Playing to win means playing the long game
Things that can suck me down a rabbit hole: watching back to back to back episodes of The West Wing until 2am. Reading (current bedside favourite: The Little Big of Big Change by Amy Johnson.) Exercising (two hours of working out to a podcast is bliss.)
You don’t go into a marriage thinking, ‘I’ll give this my all for two to three years’ or invest in learning to be a life coach then make no plans about how to use what you know.
With our businesses, my husband JP and I are playing for the long term and one thing I know is nobody can keep acting in a short term way.
We can’t set a fabulous new year goal because it makes us feel good, then have no plan for achieving it.
Short term fixes fail in life. That’s it. We’re sucked into the anxiety raised by, ‘I didn’t do enough so I better set something good so I feel really good.’
That’s just feeding the addiction, the neural net around, ‘I am not going to rise above this, I’m just going to stay connected and addicted to getting out of the anxiety.’
I’m coaching someone like that at the moment, who is on a hamster wheel of short term fixes and addiction. They don’t know how to just be, and with the fact that it’s causing them a lot of anxiety.
They’re hardly Robinson Crusoe though—I think a lot of people set goals to get themselves out of anxiety rather than really think where they want to be in a year’s time.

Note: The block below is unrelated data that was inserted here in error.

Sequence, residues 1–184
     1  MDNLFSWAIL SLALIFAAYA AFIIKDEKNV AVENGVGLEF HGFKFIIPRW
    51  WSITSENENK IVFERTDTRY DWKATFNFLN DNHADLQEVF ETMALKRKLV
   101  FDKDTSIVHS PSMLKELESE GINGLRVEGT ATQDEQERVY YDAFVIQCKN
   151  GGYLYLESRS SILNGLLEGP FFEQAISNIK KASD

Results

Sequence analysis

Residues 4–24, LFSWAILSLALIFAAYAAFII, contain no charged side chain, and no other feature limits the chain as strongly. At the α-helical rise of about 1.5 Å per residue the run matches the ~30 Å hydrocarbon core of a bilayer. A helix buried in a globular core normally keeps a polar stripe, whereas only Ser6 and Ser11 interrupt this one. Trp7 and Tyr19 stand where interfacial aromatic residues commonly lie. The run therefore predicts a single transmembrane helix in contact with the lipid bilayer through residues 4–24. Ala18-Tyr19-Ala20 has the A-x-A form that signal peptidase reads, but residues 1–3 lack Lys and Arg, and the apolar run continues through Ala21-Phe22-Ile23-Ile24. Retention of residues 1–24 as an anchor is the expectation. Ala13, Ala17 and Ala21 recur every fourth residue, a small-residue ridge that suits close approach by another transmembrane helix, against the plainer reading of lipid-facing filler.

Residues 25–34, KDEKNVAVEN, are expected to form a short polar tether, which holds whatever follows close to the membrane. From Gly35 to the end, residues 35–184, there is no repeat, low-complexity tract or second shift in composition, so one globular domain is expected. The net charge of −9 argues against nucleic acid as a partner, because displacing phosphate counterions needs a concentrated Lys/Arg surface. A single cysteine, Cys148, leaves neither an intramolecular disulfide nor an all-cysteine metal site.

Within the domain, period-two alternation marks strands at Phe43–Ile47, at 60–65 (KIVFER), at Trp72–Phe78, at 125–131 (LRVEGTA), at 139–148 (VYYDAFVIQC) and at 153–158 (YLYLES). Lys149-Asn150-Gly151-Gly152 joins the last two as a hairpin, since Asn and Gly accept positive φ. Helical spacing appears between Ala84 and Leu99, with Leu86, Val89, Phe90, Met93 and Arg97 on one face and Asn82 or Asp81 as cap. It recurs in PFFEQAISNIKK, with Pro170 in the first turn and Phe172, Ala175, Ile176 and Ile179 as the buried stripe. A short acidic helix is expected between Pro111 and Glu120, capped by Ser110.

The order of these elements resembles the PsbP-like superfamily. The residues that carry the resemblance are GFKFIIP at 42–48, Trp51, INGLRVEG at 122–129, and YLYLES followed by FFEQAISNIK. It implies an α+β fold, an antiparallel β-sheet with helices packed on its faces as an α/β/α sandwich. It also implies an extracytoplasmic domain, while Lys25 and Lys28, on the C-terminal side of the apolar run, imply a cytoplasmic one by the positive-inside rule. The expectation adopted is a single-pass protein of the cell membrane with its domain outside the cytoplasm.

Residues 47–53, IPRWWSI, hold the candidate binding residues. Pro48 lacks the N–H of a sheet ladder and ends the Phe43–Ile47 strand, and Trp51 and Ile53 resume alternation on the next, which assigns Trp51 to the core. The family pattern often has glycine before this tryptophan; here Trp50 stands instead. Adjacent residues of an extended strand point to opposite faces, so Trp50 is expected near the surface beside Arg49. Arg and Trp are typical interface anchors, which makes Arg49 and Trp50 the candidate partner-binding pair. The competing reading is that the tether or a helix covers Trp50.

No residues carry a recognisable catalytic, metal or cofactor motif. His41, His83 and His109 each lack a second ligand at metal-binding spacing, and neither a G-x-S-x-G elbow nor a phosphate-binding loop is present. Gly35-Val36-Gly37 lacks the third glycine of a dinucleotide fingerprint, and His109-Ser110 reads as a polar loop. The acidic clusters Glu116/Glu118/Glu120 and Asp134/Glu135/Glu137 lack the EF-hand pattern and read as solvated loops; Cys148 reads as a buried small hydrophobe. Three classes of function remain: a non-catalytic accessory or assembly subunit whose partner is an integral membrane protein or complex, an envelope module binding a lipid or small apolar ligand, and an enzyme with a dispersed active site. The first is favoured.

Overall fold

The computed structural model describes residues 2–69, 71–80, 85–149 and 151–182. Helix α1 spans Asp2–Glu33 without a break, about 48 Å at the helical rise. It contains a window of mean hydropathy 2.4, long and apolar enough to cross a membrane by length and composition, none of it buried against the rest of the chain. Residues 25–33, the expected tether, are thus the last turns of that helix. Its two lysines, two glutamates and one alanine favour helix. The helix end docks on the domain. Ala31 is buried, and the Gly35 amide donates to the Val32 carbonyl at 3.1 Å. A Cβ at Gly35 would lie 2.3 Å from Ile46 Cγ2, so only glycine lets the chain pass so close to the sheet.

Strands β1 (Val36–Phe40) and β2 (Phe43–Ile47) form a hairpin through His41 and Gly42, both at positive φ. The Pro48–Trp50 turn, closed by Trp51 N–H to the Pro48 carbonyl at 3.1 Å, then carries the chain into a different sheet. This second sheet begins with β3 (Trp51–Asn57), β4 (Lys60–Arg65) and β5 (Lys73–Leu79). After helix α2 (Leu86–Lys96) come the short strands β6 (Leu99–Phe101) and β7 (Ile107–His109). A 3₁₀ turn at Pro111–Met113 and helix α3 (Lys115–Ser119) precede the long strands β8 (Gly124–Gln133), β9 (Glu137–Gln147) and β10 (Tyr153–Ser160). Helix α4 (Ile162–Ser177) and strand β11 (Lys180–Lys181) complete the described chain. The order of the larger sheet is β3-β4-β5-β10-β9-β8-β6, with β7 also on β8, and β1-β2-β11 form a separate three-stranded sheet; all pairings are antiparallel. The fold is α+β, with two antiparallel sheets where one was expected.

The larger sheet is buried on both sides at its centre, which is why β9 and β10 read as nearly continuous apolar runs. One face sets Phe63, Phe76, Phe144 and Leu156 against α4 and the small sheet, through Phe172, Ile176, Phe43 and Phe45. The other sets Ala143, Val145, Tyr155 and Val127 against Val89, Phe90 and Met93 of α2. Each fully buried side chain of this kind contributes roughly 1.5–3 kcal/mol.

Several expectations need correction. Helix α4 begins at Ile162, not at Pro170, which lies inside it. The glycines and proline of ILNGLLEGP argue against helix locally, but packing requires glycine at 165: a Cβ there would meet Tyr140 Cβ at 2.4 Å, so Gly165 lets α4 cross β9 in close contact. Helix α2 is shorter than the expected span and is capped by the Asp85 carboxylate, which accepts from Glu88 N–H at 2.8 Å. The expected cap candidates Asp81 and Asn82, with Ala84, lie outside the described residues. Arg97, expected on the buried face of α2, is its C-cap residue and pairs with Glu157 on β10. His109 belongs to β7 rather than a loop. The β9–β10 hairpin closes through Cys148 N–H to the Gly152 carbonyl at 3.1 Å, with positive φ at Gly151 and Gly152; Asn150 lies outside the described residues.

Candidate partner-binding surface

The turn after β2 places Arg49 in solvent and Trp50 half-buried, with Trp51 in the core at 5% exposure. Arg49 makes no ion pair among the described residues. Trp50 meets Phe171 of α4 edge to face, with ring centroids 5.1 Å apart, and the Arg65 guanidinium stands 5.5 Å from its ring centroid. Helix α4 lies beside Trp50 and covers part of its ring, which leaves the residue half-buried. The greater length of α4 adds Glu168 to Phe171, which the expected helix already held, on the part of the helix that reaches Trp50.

You have to put aside what you feel now, the fear of failure and idea that the year won’t be that great, and set the goal you’re going to love that you know you can take the steps to learn to achieve.
That’s really key.
It’s actually the key to The Coaching Institute. I play the long game. I’m not playing the ‘I’ve got to win now game’ … actually I do play that, but it’s not the game I’m playing.
Aiming to do really well right now helps the long term vision. You want to know how to write a book? Do five or ten pages a day.
It’s what you do every day consistently that will get you to next year feeling you have what you wanted.
It’s not the move you make today or the grand gesture.
Apart from goal setting, I really value benchmarks. I believe what we measure we care about, and what we don’t measure we don’t care about.
It’s really simple. If someone says to me, ‘we’re aiming for this’, I ask how they’re measuring it. If they say, ‘We’re not’, then they’re not really for real.
Actually, I would go further. What we measure publicly we really mean. I’m not that big a fan of secret benchmarks, so there’s two versions: the process benchmark and the outcome benchmark.
The outcome benchmark is the lag measure. You achieve a number of sales or hit a KPI.
The process benchmark is all the steps on the way. Let’s say there’s five steps to a sales process: the initial lead comes in, then there’s how that first phone call is handled, how the email after that is handled, how the second call is handled and the follow up text.
Each of those gets benchmarked, so there’s how many people do I contact in 24 hours, that’s a benchmark and I have to hit it. How many great first conversations do I have—benchmark. How many people respond to my email or text—benchmark.
Benchmark all of it, then you have data telling you how someone cared or doesn’t know how to care about their responsibilities.